If we are still living in Singapore when Maddi and Jack go to school, the International schools offer Mandarin as a foreign language so they will have the opportunity to learn to speak the local language. On the South African side, Maddi loves biltong and boerewors. Thanks to friends and family back home, we have a great selection of African story books, the South African Alphabet book and traditioanl African clothes. Maddi loves watching rugby (and Im sure Jack will too) and when it’s a big game on, then they wear their Springbok rugby jerseys and shout “Bokke”.

Advice for the screening process?

My advice would be to just take things one step at a time. It can seem very overwhelming when you look at the whole picture. I really had to break the whole process down into manageable steps and make lists. The ‘screening process’ is a little different here in Singapore. The government does not require a Home Study Report if you are adopting a Singaporean child. However, after the first court date, the child falls under the guardianship of the Ministry of Social and Family Services (MSF) and then a Social Worker is assigned to you and does all the necessary checks and home visits etc. The MSF then submits their report to the courts, who will then grant the final adoption order in your favour if all requirements are met.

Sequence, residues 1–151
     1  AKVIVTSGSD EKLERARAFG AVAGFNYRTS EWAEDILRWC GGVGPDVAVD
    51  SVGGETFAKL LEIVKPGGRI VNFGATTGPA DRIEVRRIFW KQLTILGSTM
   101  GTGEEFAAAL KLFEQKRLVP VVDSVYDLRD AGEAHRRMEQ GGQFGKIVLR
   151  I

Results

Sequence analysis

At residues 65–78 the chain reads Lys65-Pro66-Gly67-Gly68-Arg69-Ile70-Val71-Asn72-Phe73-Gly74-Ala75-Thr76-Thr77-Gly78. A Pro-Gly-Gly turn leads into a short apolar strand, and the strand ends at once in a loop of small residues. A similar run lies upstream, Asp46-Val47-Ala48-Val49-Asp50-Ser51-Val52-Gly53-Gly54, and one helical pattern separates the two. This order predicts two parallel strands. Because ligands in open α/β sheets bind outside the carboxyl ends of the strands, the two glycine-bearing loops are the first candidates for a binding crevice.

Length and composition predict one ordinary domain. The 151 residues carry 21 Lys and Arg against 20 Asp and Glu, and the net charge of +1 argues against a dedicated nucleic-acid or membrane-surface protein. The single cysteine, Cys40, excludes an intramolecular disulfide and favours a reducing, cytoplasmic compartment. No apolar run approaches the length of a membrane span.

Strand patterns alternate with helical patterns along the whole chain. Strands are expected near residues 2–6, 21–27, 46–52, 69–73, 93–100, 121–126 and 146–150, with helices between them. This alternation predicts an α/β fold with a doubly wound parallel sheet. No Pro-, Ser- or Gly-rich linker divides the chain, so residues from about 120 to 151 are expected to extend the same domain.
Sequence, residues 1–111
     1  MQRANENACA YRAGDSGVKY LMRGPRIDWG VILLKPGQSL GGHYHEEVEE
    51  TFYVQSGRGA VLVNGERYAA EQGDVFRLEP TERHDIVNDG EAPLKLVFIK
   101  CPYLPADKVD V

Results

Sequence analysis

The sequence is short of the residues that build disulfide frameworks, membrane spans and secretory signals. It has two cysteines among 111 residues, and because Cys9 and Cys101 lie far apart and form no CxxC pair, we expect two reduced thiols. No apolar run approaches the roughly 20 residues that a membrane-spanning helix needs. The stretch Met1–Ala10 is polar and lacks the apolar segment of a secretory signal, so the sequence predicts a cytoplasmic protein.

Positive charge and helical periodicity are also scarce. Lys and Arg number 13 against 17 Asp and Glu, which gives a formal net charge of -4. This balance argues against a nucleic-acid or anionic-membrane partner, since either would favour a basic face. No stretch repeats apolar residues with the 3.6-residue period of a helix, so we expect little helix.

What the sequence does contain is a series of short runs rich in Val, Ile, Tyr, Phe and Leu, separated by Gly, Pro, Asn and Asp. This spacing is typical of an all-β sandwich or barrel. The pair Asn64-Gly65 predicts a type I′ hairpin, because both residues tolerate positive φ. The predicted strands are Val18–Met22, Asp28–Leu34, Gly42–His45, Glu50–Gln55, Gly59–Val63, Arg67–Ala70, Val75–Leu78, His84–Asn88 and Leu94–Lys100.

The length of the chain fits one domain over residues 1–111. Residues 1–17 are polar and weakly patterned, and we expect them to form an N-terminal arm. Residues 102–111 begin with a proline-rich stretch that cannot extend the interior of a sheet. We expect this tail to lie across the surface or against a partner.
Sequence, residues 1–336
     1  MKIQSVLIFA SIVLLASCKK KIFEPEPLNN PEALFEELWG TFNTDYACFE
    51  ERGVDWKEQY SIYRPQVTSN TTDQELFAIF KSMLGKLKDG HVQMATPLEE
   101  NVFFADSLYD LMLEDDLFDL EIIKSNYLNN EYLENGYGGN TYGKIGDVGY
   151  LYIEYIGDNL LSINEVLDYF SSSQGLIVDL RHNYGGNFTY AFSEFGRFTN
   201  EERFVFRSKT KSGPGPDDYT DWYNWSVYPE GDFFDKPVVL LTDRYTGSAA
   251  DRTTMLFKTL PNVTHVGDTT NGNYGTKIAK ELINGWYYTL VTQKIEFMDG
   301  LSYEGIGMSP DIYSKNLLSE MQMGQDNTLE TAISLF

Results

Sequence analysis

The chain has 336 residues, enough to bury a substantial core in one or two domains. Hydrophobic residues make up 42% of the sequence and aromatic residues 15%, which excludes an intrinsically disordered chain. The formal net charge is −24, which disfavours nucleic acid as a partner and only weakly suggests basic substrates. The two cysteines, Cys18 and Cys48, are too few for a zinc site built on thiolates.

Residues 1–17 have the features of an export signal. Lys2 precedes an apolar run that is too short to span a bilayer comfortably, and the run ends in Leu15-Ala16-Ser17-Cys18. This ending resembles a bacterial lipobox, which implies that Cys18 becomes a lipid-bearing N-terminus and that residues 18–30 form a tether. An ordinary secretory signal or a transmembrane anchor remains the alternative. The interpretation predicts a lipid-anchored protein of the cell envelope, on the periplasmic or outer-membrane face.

How can friends and family best support those adopting?

The support of friends and family is just so important. We are very lucky to have family and friends who have always supported our decision to adopt right from the beginning. To have our children loved and accepted by everyone is incredible. Parents who are wanting to adopt have the normal pressures of raising children but also with the added strand of adoption. In the back of my mind, I am very aware of the questions that my children will have for me in the years to come, how will they will process their adoption story. So to have friends and family who are walking alongside us is just so incredibly valuable.

Top tip for doing life as a rainbow nation family?